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How do I calculate the number of pairs/quadruples in an array such that their sum is divisible by '3' ?

I know the brute force approach, I am looking for a much optimized solution :-)

I have solved the first part of the question,i.e,finding the number of pairs and it is:-

The idea is that you separate elements into buckets depending on their mod k.

For example, you have the elements: [1 3 2 6 4 5 9] and k=3 .

(number_in_array)mod 3 == 0 : [3 6 9]

(number_in_array)mod 3 == 1 : [1 4]

(number_in_array)mod 3 == 2 : [2 5]

Now, you can make pairs like so : Elements with mod 3 == 0 will match with

other elements in the mod 3 == 0 list, like so:

(3, 6) (3, 9) (6, 9)

There will be n * (n - 1) / 2 such pairs, where n is length of the list, because

the list is the same and i != j. Elements with mod 3 == 1 will match with

elements with (3 - 1) mod k = 2, so elements in the mod 3 == 2 list, like so:

(1, 2) (1, 5) (4, 2) (4, 5)

There will be n * k such elements, where n is the length of the first list, and k of the second. Because you don't need to print the actual pairs, you need to store only the number of elements in each list.

So the answer will be = 3 + 2*2 = 7

Any ideas on how to find the quadruples?

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The approach you describe for pairs can be directly adapted to 4-tuples. There are a few more cases, but still not too many:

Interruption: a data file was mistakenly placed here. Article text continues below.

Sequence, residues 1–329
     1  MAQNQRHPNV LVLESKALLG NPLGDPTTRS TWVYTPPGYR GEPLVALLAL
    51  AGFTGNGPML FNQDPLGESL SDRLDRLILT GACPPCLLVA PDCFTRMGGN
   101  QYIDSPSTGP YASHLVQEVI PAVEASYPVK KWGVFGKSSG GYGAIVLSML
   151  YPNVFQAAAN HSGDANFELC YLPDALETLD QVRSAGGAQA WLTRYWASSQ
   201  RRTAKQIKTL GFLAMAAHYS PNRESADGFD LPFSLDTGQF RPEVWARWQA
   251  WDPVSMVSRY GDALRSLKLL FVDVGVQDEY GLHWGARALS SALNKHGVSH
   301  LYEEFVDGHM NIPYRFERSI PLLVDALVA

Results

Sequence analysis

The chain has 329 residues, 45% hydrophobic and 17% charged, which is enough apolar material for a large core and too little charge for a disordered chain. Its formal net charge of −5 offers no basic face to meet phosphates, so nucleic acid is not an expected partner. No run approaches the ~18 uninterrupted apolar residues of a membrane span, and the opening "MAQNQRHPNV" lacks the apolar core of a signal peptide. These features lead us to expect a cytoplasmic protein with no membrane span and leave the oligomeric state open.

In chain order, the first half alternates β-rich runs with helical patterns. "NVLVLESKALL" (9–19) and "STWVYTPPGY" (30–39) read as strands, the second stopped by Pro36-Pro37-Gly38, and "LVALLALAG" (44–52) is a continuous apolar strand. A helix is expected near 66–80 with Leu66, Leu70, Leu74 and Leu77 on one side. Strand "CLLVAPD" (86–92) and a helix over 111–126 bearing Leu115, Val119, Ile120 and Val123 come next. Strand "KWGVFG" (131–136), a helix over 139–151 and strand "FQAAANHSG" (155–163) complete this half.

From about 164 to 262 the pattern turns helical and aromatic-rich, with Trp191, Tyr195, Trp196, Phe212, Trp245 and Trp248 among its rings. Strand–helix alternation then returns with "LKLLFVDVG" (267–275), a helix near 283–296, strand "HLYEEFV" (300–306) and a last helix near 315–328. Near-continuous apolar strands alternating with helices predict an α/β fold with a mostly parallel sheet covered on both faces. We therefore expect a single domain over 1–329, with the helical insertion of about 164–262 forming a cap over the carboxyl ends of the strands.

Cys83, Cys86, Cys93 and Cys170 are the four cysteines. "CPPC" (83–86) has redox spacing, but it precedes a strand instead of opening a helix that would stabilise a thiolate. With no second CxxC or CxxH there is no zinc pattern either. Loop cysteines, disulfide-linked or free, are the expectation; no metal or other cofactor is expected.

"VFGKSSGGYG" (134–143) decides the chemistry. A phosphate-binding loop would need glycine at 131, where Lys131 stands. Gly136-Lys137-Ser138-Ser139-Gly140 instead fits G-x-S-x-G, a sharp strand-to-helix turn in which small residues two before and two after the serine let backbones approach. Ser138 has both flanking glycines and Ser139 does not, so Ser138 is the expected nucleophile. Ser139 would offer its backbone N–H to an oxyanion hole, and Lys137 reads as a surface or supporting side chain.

• all four elements ≡ 0 (mod 3)
  • two elements ≡ 0 (mod 3), one element ≡ 1 (mod 3), and one element ≡ 2 (mod 3)
  • one element ≡ 0 (mod 3) and three elements ≡ 1 (mod 3)
  • one element ≡ 0 (mod 3) and three elements ≡ 2 (mod 3)
  • two elements ≡ 1 (mod 3) and two elements ≡ 2 (mod 3)

Note that, just as you use ${n \choose 2} = \frac{n\left(n-1\right)}{2}$ to count the pairs from within a single bucket of $n$ elements, you can use ${n \choose 3} = \frac{n\left(n-1\right)\left(n-2\right)}{6}$ or ${n \choose 4} = \frac{n\left(n-1\right)\left(n-2\right)\left(n-3\right)}{24}$ to count the triples or quadruples, respectively, from within a single bucket of $n$ elements. (More generally, ${n \choose r} = \frac{n!}{r!\left(n-r\right)!}$.)

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  • $\begingroup$ I understand what you said thoroughly :-) Say, I have 10 (mod-zero-elements),11(mod-1-elements),12(mod-2-elements). Then the answer for first case is : 10 ( C ) 4 , for the second case it is :- 10 (c) 2 * 11 (c) 1* 12(c) 1 , for the third-case is : 10(c)1*11(c)3 , for the fourth case is:- 10(c)1*12 (C) 3 ,AND FOR the fifth case :- 11(c)2*12(c)2 .... Am I going right ? $\endgroup$ – Ananye Agarwal Feb 19 at 7:57
  • $\begingroup$ @AnanyeAgarwal: That's right. $\endgroup$ – ruakh Feb 19 at 16:33
  • $\begingroup$ I've found a very similar question to this one : - stackoverflow.com/questions/54741398/… My approach is:- make a 2d-matrix to store the powers of all the prime factors of each number, then if the all the powers in 4 distinct arrays, if we add them up and each of them is divisible by 3, then we get a perfect cube from the product of a quadruple, but its O(n^4) algorithm and too slow :( Can you suggest an algorithm with better time complexity, please ? $\endgroup$ – Ananye Agarwal Feb 21 at 5:54

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